By BosNewsLife Asia Service
VIENTIANE, LAOS (BosNewsLife)– Authorities “forced” Christian mourners in southern Laos “to cease practicing their Christian faith” in order to bury a Christian family member, a key human rights official told BosNewsLife Wednesday, December 28.
Sirikoon Prasertsee, director of Human Rights Watch for Lao Religious Freedom (HRWLRW), said the Christians in Huey village in Savannakhet province were initially from holding a Christian funeral service for Wang, a Christian woman who passed away on Christmas Day.
“Huey authorities ordered them that no Christian burial ritual could be conducted for Wang in Huey village,” although the village has eight extended families of 40 devoted Christians, he said.
“Under extreme pressures from authorities and amid fears that the body would become rotten beyond handling, her husband San reluctantly agreed to a Buddhist ritual as demanded by authorities.”
Yet, the Buddhist monk eventually “refused to carry out a burial ritual for Wang because she is a Christian,” added Prasertsee.
Authorities later agreed to allow the Christians to bury the woman in a the village cemetery after they promised to cease Christian activities, Christians said.
Prasertsee said several believers later regretted their decision and pledged to continue practicing their faith in Christ. However, “The future of Christians in Huey village is extremely bleak as Lao authorities continue to punish Christians for their religious beliefs.”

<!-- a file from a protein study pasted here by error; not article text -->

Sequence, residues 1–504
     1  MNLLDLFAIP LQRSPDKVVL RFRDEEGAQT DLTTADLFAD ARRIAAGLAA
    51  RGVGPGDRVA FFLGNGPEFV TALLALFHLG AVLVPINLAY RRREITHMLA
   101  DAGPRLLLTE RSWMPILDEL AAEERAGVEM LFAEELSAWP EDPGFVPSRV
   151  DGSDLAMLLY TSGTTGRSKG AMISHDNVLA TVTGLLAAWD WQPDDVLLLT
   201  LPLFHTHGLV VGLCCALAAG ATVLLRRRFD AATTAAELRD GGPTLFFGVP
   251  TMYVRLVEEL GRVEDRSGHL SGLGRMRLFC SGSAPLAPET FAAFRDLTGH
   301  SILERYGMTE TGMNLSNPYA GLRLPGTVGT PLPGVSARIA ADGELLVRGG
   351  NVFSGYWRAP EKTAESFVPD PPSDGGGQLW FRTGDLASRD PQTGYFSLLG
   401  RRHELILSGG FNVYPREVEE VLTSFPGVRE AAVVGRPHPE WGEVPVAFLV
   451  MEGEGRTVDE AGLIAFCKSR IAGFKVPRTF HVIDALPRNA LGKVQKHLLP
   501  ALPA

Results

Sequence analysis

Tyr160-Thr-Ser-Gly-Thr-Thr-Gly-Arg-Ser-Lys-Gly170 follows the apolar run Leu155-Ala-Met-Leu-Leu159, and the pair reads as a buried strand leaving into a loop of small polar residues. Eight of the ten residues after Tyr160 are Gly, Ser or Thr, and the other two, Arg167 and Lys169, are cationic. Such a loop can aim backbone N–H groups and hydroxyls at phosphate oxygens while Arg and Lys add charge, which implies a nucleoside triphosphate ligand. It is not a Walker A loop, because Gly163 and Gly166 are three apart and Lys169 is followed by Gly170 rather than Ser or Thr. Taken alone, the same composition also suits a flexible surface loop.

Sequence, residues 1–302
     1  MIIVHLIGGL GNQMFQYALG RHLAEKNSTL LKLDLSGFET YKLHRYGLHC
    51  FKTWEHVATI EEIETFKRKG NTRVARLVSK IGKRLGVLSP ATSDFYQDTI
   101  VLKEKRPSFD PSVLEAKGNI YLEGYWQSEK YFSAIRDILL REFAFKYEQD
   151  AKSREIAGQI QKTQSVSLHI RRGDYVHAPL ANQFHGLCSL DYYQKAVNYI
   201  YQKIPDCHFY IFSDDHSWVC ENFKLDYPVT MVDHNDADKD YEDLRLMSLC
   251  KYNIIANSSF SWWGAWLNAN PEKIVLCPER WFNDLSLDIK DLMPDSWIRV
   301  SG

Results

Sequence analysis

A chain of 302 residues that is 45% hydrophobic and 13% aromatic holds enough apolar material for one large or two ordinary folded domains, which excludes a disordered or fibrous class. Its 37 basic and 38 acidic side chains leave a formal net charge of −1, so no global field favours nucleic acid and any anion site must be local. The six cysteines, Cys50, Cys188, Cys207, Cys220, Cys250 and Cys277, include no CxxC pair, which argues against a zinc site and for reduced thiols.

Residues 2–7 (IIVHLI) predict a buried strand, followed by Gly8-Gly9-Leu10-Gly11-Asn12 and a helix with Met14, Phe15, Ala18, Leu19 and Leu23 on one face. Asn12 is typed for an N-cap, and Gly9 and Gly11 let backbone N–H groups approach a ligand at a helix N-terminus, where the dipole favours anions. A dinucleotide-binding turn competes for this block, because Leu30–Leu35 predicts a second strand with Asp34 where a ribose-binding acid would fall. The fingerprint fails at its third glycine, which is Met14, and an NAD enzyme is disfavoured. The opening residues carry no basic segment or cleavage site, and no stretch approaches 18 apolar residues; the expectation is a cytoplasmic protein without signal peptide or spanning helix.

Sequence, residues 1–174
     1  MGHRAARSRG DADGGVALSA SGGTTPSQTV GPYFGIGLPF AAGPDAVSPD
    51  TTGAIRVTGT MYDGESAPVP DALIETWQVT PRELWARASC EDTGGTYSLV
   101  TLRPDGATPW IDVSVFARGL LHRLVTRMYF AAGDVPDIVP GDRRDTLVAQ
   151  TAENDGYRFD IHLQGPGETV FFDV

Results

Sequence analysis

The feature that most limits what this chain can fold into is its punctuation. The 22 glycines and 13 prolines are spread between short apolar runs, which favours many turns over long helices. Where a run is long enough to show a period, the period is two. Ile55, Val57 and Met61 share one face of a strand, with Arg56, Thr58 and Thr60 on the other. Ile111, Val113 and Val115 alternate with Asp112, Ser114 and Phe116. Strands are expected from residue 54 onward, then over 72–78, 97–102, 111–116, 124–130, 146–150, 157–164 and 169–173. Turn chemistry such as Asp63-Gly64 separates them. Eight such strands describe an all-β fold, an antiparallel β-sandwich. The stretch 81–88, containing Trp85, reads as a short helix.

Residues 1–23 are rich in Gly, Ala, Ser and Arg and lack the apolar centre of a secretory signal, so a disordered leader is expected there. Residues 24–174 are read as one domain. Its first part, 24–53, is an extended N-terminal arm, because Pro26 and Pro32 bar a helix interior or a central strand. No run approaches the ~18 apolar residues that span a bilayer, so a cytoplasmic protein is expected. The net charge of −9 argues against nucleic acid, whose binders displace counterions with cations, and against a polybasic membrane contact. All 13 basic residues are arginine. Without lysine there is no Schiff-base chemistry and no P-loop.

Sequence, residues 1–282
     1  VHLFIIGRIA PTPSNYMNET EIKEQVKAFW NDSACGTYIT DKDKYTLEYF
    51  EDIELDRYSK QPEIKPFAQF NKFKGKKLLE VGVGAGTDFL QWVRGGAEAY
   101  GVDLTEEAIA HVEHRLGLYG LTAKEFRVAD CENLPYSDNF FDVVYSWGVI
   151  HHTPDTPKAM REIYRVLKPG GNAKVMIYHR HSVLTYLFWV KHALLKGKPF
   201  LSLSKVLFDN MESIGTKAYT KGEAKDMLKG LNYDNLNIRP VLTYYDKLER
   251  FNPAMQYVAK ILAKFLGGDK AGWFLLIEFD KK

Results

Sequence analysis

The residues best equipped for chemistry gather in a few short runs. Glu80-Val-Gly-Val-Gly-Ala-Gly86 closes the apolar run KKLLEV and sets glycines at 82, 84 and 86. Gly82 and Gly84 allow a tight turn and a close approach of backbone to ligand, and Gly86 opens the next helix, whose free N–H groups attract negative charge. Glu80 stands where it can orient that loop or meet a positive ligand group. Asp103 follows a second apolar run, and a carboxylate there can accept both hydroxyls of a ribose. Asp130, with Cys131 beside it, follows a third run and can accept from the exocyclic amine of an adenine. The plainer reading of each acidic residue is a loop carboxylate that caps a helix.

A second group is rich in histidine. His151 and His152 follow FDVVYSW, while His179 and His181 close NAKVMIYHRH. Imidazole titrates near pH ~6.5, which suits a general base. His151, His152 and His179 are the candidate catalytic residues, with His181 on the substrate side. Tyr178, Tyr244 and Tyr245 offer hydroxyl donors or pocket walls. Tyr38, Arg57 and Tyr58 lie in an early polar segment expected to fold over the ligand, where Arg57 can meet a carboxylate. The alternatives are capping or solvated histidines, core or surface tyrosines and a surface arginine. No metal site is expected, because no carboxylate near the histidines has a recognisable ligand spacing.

BosNewsLife was not able to reach officials for a reaction, but the funeral controversy is the latest in a series of reported incidents in the area.
Earlier Christians told BosNewsLife that authorities plan to expel at least 47 Christians, “including men, women and children,” from nearby Natoo village in the Palansai District of Savannakhet province, because they refuse to recant their faith in Jesus Christ.
Analysts say Christianity is generally perceived as a Western ideology that challenges Communist rule in the country as well as the predominant Buddhist religion of the country’s 6.4 million people.
Laos ranks 10 on the 2011 World Watch List of the 50 “worst” nations for Christians, said advocacy group Open Doors, which publishes the annual list.
Last year, in 2010, 29 Christians were killed and at least 20 were arrested and held without trial, according to Open Doors estimates.
Several churches were destroyed and at least 11 Christian families were forced out of their villages into the forest when they refused to recant their faith, the group added.